Serial Gd-enhanced MRI studies were performed in two separate sessions every 4 weeks for 3 months. An expanded version of the Fatigue Severity Scale, including 29 items, was administered 24 h before each MRI examination.
No relationship was found between the number and volume of Gd-enhancing lesions and Fatigue scores at any monthly examination over the study period.
Furthermore changes in MRI activity were not significantly related to changes in Fatigue scores.
These results were obtained on triple-dose delayed scanning, which is more sensitive than standard-dose scanning in detecting areas of BBB disruption.
Our preliminary results thus do not support the hypothesis of a relationship between BBB alterations and Fatigue severity in Multiple Sclerosis.
Fatigue In Multiple Sclerosis Is Associated
With Specific Clinical Features
Colosimo C, Millefiorini E, Grasso MG, Vinci F, Fiorelli M, Koudriavtseva T, Pozzilli C
Acta Neurol Scand 1995 Nov;92(5):353-5
UnivLa Sapienza, Dept of Neurological Sciences, Rome, Italy
PMID# 8610485; UI# 96191736
Fatigue is a common and disabling symptom in Multiple Sclerosis (MS). In this study we evaluated if Fatigue is associated with different demographic and clinical features of MS.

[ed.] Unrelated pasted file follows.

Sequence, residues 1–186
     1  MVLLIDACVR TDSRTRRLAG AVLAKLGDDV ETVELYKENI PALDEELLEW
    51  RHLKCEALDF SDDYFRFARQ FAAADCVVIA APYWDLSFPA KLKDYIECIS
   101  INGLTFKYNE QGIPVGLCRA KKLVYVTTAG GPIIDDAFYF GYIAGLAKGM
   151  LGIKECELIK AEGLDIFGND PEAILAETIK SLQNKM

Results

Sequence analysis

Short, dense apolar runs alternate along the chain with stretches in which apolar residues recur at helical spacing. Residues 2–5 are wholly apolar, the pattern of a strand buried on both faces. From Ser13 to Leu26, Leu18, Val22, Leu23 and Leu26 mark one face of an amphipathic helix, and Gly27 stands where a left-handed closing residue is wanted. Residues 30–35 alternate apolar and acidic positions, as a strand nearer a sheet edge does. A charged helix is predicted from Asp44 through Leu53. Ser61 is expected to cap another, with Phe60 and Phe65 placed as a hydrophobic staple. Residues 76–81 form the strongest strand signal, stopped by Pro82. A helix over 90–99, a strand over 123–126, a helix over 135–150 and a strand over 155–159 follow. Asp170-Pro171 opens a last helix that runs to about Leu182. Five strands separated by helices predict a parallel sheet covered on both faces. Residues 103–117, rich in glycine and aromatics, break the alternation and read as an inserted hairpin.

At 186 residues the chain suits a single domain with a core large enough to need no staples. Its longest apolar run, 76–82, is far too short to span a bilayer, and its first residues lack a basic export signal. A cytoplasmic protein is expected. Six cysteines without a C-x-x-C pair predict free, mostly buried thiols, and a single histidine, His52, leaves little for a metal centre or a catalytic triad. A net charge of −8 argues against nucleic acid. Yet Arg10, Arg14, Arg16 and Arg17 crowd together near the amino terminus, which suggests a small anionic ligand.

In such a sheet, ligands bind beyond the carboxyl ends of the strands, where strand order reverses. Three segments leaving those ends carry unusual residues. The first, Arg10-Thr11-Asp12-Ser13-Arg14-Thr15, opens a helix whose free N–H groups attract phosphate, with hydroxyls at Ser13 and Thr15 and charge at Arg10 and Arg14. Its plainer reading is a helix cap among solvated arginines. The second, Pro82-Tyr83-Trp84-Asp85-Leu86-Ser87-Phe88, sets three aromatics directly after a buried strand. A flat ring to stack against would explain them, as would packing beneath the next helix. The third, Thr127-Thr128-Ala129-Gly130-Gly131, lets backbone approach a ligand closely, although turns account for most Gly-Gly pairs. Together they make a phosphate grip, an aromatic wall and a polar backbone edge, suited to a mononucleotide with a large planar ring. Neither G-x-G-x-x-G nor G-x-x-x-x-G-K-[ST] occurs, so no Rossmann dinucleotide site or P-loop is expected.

A survey was performed on 507 consecutive patients affected by Clinically Definite MS referred to our center between January 1 and December 31, 1993.
During the examination patients were asked to answer a brief Fatigue questionnaire.
To evaluate the probability of the occurrence of Fatigue in association with several covariant factors.
Age, sex, duration, disease form, disease severity, month of examination, functional sub-systems on the Expanded Disability Status Scale (EDSS), a logistic regression analysis was performed.
We confirmed that Fatigue is common in MS, recorded in 53% of patients.
Patients affected by a more severe disability, by Progressive MS, both Primary and Secondary, with an older age at examination, and assessed during spring, had a significantly higher risk of Fatigue. Sex was not associated with the occurrence of fatigue.
When the single items of EDSS were considered, we found that Fatigue is also associated with the occurrence of Cerebellar, Sphincteric, Pyramidal and sensitive Signs.
But not with BrainStem, Visual and Cognitive Impairment.
Fatigue in MS is more frequent in association with specific clinical features.